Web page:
1. When I Left Home: My Story by Buddy Guy (DaCapo Press) The newly named Kennedy Center honoree offered a surprisingly readable look back at his life here, including a vivid account of the tough times he faced at first in Chicago and intriguing portraits of some of the blues legends whose paths he crossed on the way to become one himself.
2. The Last Sultan: The Life and Times of Ahmet Ertegun by Robert Greenfield (Simon & Schuster) Ertegun may not be a household name, but it's hard to imagine American popular music without the label he (and brother Neshui and Jerry Wexler) founded. Its groundbreaking R&B stars (including Ruth Brown, Big Joe Turner and Ray Charles) helped launch the then struggling indie and the major rock acts that followed (including the Rolling Stones and Led Zeppelin) insured its place in label and music history.
3. A Ship Without A Sail: The Life of Lorenz Hart by Gary Marmorstein (Simon & Schuster) Hart was one of the great lyricists of the Great American Songbook providing the brilliant words to go with Richard Rodgers tantalizing music. Marmorstein tells the story of the tragic life behind the enduring music.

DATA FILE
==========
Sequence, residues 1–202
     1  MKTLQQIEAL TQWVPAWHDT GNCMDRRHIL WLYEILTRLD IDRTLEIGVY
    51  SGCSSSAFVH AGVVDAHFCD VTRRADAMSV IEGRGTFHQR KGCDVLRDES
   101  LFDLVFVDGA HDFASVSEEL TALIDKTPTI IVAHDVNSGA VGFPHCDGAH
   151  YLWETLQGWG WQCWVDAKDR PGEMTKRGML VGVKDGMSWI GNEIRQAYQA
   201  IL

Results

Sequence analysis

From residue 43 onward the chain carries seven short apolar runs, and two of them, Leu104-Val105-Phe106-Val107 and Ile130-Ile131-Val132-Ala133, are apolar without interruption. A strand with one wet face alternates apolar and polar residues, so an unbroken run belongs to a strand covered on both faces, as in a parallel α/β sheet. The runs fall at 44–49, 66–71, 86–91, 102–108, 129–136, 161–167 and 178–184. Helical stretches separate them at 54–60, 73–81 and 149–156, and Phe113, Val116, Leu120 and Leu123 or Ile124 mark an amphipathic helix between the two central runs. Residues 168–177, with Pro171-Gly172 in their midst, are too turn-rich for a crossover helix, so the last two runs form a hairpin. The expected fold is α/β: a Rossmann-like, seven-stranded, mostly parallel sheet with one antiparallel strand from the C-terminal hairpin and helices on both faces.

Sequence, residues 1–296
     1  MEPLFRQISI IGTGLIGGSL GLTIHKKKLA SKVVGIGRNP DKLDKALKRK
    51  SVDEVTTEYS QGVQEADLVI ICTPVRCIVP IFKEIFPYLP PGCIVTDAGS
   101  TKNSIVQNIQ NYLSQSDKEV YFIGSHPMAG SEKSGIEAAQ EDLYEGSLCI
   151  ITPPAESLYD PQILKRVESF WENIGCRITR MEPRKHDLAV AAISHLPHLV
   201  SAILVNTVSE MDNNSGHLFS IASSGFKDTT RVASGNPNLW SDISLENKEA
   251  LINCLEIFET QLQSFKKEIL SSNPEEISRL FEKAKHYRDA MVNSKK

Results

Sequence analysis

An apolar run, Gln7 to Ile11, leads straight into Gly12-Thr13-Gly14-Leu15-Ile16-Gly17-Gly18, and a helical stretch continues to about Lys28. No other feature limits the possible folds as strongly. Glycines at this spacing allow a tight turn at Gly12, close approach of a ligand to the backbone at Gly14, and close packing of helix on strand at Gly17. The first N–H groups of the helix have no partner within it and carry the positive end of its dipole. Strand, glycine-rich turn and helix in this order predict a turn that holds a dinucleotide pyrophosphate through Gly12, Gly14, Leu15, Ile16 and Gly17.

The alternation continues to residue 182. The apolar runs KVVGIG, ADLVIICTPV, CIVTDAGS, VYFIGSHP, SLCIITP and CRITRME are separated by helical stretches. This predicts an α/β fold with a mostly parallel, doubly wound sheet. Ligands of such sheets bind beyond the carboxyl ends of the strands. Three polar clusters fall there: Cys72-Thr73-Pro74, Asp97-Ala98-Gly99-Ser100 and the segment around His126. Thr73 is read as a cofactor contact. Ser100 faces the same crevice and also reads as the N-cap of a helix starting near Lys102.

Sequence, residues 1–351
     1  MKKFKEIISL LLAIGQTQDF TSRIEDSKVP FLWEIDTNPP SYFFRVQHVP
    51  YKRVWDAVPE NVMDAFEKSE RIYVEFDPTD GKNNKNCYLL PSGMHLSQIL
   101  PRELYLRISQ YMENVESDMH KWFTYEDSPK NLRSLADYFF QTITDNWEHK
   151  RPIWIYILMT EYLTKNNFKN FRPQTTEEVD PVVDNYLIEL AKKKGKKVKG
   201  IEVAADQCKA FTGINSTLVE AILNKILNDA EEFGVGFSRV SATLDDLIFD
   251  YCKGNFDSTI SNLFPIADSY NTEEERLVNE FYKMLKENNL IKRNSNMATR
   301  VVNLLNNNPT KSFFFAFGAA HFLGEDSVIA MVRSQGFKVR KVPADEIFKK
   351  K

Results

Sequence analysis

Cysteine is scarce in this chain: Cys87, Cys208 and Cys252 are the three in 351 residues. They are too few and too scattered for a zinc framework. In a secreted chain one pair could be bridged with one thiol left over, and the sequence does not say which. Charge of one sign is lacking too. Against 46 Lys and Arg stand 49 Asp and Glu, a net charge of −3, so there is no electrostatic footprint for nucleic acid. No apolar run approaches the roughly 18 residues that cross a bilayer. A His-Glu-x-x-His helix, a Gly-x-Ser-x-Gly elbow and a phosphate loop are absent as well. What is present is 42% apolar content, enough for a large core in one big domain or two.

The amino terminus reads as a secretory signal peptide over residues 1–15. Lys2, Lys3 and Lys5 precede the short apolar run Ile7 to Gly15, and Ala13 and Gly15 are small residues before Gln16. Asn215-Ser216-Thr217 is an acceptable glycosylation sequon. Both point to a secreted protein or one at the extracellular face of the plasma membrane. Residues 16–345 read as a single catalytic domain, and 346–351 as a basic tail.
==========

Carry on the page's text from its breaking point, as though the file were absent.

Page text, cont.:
4. The One: The Life and Music of James Brown by R.J. Smith (Gotham Books) The 'hardest working man in show business' and the godfather of funk had both a difficult life and a difficult personality. Smith offers a compelling portrait in all its complexities and contradictions.
5. The Great Animal Orchestra: Finding the Origins of Music in the World's Wild Places by Bernie Krause (Little, Brown and Company) Did you know that every beach has its own distinctive sonic signature? Just one of the intriguing facts from Krause in this unusual look at music as it evolved from the sounds of the planet itself to the many different creatures that inhabit it.